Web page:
So far, this has been a semester of firsts: my first time leaving the US, riding a camel, learning Arabic, eating couscous… the list goes on. And today, as I lay collapsed on my bed, muscles aching, and trying to muster the remaining energy in my body in order to type these very words, I can formally add – you guessed it – hiking, surfing, and salsa to my ever-growing list of new experiences.
Let me preface this with a confession: I am not what they call “athletic”. The only possible indication of an active lifestyle among my belongings are a tattered pair of sweatpants with the words “UM Soccer” printed on one side (a memento of the one grueling season in the ninth grade that taught me to hate team sports). Nor am I particularly graceful–I have become so well-acquainted with the art of falling that I’ve lost track of the scars on my knees. I am simply not the type of girl who would samba with a diplomat, climb a mountain, and attempt to ride a wave in the same week; yet here we are.
I spent the weekend with a group of friends in Chefchaouen, a tiny city nestled in the northern mountains of Morocco. Without a doubt, Chefchaouen is the most beautiful and enjoyable city I’ve ever visited. There’s something to be said for color therapy here; one of Morocco’s renowned ‘blue cities’, Chefchaouen’s walls and buildings are painted in various shades of blue. Coincidentally the medina, usually a hub of commotion and chaos, is uncharacteristically calm, while local residents generally exude a laid back, positive demeanor. If a Chefchaouenite were in dire pain, she would mosey all the way to the emergency room and stop for pastries along the way.
We decided to hike to the Spanish Mosque in the morning, about a half an hour’s climb through prickly pear, cactus plants, and the odd herd of goats out to graze. Built by the Spanish and now fallen into disuse, the mosque sits atop a hill and overlooks the entire city. It is a popular spot for locals, tourists, and livestock alike to sit back, have a picnic, and enjoy the spectacular view.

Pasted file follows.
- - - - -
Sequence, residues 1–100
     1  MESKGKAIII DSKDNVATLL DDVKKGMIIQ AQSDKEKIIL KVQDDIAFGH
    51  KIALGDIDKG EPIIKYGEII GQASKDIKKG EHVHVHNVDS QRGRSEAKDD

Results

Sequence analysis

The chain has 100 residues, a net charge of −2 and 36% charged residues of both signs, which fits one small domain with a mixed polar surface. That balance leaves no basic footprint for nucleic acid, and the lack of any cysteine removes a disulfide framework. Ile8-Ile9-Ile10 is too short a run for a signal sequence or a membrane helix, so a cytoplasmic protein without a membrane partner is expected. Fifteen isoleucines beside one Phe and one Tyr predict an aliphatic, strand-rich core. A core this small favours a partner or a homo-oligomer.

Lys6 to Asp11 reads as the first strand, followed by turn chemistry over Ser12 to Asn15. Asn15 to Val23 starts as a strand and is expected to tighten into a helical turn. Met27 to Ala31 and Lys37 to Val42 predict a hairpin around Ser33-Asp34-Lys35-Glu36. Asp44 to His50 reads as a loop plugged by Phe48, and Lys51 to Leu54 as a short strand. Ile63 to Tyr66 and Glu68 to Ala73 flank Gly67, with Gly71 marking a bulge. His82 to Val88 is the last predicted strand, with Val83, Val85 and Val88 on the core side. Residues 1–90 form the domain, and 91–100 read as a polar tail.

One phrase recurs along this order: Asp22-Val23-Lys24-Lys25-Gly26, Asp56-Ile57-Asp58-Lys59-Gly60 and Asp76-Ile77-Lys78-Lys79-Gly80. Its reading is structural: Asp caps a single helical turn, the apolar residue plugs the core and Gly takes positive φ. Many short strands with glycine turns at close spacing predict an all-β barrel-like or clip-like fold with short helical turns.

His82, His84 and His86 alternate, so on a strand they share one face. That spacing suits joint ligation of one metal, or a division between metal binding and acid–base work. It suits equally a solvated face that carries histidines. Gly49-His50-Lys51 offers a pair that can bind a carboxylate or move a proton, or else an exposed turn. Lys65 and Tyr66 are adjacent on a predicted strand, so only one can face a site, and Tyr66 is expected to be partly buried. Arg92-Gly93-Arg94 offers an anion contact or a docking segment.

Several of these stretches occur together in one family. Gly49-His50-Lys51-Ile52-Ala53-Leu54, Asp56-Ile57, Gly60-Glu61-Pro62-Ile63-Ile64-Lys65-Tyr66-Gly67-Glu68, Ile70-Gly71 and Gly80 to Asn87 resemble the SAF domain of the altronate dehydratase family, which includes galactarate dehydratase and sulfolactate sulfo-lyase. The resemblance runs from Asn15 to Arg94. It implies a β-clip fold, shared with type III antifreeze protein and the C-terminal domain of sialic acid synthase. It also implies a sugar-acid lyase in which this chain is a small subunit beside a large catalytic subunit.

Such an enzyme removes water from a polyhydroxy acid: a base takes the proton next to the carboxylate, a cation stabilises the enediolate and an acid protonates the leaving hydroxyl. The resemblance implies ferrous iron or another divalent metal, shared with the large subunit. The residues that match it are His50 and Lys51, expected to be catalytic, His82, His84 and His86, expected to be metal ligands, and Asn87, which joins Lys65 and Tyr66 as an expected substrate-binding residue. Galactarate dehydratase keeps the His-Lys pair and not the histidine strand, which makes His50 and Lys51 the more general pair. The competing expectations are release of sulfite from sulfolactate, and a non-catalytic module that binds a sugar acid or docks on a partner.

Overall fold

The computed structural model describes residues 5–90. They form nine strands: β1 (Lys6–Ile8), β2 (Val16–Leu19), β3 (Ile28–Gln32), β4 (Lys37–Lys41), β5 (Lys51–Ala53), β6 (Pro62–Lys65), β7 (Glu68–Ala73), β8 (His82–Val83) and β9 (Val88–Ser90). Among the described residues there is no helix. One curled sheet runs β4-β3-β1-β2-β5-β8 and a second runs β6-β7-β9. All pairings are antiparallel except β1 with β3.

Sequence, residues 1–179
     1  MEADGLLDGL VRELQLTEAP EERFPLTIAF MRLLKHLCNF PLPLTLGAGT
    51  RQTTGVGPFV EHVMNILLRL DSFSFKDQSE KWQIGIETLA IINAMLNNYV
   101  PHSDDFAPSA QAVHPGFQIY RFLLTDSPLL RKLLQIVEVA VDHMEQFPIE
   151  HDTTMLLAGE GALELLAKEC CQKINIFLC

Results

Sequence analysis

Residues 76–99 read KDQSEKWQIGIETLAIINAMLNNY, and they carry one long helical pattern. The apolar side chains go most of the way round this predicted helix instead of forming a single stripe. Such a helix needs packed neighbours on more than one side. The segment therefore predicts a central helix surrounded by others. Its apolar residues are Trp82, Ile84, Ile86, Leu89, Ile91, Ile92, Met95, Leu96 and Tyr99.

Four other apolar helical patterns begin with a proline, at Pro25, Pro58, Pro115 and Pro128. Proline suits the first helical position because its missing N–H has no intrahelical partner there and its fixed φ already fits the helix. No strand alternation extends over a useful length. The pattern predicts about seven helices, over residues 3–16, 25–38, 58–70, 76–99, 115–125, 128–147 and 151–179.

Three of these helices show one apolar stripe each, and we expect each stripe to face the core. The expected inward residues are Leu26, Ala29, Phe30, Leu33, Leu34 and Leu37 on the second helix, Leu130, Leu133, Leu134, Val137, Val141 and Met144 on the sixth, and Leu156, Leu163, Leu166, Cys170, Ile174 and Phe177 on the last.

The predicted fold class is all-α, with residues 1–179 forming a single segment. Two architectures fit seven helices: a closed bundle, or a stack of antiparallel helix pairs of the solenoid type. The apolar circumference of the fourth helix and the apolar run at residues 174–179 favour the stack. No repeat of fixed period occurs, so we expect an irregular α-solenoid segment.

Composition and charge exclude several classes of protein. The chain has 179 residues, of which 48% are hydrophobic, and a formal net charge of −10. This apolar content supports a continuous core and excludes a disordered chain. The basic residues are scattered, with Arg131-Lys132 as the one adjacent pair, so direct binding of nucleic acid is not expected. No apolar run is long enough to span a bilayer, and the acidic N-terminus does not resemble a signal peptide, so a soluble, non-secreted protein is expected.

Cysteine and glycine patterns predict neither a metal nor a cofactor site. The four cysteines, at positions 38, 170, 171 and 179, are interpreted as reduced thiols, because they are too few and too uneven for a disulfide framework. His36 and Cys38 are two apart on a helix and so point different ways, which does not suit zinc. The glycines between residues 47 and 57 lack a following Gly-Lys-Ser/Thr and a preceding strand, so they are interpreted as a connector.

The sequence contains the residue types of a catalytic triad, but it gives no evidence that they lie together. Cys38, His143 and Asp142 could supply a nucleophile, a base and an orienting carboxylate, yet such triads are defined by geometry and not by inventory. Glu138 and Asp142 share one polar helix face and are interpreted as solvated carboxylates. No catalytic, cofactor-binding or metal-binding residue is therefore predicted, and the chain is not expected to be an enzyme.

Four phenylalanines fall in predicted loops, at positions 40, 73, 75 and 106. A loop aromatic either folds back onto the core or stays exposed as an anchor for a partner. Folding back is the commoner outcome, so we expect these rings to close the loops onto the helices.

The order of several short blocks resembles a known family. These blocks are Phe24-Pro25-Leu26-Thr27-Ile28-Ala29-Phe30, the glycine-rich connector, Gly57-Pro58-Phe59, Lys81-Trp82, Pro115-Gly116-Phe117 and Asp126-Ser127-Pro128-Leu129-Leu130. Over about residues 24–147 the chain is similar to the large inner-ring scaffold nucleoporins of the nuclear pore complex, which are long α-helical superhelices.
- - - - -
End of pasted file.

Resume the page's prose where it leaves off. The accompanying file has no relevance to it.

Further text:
As soon as I returned to Rabat, I squeezed into a wet suit and jogged to the beach for my second surf lesson. My friend, her two host sisters and I recently decided to learn how to surf. Due to the language barrier, our lessons are conducted in a melange of French, Moroccan Arabic, broken English, and much gesticulation. Awkward and a little nervous, we began by lying on our bellies in the sand and pretending to paddle as if we were in the water while onlookers openly gaped and occasionally hooted (women are rarely seen swimming, let alone surfing in Morocco). Our second lesson moved quite faster; we practiced balancing on our board once on the sand, and before I could process it all I found myself gliding along a massive wave, trying my hardest to stand up before tumbling off my board. After two hours of this unintentional diving practice, we crept back to the surf cafe to split a pot of hot tea and watch the sunset, exhausted but perfectly content.
I’m not going to lie–living in Morocco is hard, almost as hard as climbing a mountain or crashing head-first into the ocean twenty times in one day. Virtually everything about this country is so different from the world I’d grown so accustomed to, and the ceaseless culture shock can get tiring and at times, a bit discouraging. I often wonder what could have possessed me to study abroad in Morocco, where I would face discrimination and hardship as a woman, as a Korean, as a foreigner–you name it.
At the end of the day, despite all the challenges, homesickness, food poisoning, and muscle aches, I am thankful for every moment that I am here in Morocco. Every day presents a struggle, but this has only allowed me to grow more than I ever would have if I had stayed within my comfort zone. I’m looking forward to the adventures the rest of this semester has in store. Next up, free salsa classes in the U.S. Embassy–well, cur non?